In the water I am beautiful.
― Kurt Vonnegut
I grew up near Lake Michigan, although I really prefer to say that I grew up in Lake Michigan. According to family stories, I swam in the big lake before I walked, and getting me out of the water at the end of the day was a challenge that often involved screeching, kicking, splashing and a basic all-around kerfuffle on all fronts.
On land, I was clumsy and slow-moving. I tripped over my own feet and bumped into doorframes. My family used to marvel at the way I managed to fall upstairs or stumble off the edge of the stage into the orchestra pit; I would skid on freshly-waxed floors or walk into low-hanging tree branches, and to this day I still cannot walk safely into a room with throw rugs.
But all of that vanished as soon as I hit the water. I was in my element. I could glide beneath the surface, change directions, and stay under long enough to send my aunts into a panic. When I dove and kicked in the water, my body would move along so gracefully that I felt long and lean and beautiful. Strong. It was the only place where I could be fluid and lovely in my movements.
I feared nothing in the water. Oh, my aunts taught me early on to respect the Lake and all of its power, but not to fear it. It was almost as if I had lake water in my veins instead of blood.
But time passes. Little girls grow up and have to come out of the water eventually, changing and growing just as the lake changes with each passing season. There is less time to swim and play and be beautiful in water; more time to buckle down and find a job, face life’s challenges, accept a life on dry land.
In the winter, Lake Michigan doesn’t freeze over in a nice, smooth sheet like a pond or inland lake. It freezes in great jagged peaks and mounds that hide dangerous crevasses and air pockets. It is beautiful and sometimes deadly. A hiker out for an adventurous climb can sometimes disappear without a trace, without a cry.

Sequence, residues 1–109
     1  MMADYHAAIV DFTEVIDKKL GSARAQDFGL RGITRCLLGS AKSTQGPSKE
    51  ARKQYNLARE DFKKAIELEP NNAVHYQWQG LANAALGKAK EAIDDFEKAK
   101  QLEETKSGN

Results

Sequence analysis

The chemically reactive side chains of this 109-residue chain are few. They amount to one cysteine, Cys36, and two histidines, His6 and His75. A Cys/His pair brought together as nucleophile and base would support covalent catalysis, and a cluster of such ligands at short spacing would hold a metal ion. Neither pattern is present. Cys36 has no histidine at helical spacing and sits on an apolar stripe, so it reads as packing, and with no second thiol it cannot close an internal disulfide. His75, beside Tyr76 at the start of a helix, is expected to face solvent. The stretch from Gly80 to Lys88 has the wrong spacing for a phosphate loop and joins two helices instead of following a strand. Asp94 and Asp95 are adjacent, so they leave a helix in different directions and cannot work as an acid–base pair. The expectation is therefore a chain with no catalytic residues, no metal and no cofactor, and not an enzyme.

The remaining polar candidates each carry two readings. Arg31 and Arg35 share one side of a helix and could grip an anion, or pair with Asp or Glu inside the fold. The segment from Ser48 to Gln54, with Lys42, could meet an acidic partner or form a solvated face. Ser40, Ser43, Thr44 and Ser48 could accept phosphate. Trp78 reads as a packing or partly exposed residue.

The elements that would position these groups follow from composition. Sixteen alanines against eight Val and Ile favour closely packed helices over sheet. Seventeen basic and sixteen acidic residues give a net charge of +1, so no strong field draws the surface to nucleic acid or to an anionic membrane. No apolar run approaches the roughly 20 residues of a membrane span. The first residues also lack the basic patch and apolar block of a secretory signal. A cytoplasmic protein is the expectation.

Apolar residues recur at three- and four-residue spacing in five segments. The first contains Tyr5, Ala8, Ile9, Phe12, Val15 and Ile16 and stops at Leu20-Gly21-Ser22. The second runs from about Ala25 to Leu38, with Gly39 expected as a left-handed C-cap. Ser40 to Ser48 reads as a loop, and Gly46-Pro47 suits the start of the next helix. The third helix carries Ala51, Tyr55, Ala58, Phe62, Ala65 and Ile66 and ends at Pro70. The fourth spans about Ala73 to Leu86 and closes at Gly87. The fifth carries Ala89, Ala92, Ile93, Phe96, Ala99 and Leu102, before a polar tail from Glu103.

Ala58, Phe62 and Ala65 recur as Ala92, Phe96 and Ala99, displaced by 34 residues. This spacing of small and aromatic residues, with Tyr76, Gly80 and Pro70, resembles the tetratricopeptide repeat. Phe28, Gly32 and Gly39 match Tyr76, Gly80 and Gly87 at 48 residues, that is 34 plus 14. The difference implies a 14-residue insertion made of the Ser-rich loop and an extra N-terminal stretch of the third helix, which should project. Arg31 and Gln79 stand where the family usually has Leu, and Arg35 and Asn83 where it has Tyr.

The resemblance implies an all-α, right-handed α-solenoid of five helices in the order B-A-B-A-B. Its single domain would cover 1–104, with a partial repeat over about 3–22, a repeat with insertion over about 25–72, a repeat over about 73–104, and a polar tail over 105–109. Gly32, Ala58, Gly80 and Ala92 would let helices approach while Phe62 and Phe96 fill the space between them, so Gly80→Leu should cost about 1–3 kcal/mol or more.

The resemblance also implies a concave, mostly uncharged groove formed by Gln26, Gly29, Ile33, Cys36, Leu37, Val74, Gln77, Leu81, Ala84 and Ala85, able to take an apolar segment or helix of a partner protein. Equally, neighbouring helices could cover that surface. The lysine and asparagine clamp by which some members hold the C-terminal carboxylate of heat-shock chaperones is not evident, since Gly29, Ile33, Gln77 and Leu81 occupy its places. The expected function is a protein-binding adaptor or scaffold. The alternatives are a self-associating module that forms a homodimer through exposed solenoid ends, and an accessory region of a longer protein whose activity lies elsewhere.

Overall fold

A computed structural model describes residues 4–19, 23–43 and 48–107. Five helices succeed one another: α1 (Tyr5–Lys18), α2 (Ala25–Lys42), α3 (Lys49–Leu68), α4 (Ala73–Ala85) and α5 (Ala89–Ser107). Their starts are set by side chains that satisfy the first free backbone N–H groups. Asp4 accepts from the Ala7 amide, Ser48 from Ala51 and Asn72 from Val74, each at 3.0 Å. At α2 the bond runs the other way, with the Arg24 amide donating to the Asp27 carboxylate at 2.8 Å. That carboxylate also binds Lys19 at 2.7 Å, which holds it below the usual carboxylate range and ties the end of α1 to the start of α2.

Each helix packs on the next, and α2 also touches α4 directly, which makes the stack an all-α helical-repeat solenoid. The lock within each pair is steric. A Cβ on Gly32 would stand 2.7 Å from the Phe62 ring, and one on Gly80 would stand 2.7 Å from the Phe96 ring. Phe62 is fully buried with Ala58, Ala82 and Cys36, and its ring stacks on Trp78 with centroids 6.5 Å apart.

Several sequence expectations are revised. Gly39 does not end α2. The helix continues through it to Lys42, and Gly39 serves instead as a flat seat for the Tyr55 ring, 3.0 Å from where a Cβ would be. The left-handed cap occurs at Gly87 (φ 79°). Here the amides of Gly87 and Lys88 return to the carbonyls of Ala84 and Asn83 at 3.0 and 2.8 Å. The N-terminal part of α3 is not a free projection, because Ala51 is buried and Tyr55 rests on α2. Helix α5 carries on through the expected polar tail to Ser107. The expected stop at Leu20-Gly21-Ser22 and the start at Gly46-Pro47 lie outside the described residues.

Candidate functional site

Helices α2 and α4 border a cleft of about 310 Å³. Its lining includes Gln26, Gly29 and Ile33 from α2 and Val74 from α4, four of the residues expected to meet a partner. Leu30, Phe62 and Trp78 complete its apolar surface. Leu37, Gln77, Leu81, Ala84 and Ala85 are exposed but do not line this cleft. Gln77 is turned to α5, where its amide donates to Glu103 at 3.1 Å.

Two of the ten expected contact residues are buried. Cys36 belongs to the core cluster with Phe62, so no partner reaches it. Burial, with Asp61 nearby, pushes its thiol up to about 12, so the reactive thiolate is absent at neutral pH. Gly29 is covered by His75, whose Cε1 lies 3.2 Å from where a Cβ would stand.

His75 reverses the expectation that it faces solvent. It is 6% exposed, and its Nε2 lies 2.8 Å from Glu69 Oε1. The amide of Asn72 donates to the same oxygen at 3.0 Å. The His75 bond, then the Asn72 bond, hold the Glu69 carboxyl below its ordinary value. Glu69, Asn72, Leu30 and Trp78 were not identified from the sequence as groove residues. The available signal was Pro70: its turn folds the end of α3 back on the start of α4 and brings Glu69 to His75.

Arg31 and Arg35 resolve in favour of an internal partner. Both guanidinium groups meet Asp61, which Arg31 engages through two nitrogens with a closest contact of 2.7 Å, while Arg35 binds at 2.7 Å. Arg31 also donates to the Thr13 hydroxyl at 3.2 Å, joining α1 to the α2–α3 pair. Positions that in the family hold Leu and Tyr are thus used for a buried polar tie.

It takes courage to tackle the lake in its frozen form. Courage that I lack. I’ve never walked the ice or braved the pier in winter. I’ve stayed safely on shore, no matter how ugly and clumsy that made me feel.
If we’re not careful, we can spend too many years standing on shore because it is just too scary to take a chance on the unknown. We can congratulate ourselves on our wisdom in avoiding those hidden hazards; pat ourselves on the back for being the smart ones who know better than to take a silly risk. We may miss out on some of the fun, we say smugly, but at least we will never disappear through a crevasse or air pocket without a trace, without a cry.
And then we wake up one morning and face the fog on the beach, only to realize that the ice is gone and we’ve missed our chances. Opportunities can evaporate like the mist that drowns out the sunlight, and the mournful wail of the foghorn sounds like a lament of “Too late! Too late!”
I want to swim again in summer, and feel beautiful once more. I want to take off my practical shoes and not worry about how I look in a bathing suit, and I want to plunge beneath the surface again. And in the winter, I want to bundle up and take a chance. For once in my life, I want to take a risk and climb on the ice with everyone else, before I disappear without a trace, without a cry.
I am ready for the ice in my veins to thaw into lake water.
In response to The Daily Post’s weekly writing challenge: “Ice, Water, Steam.”
<a href=”https://dailypost.wordpress.com/dp_writing_challenge/ice-water-steam/”>Ice, Water, Steam</a>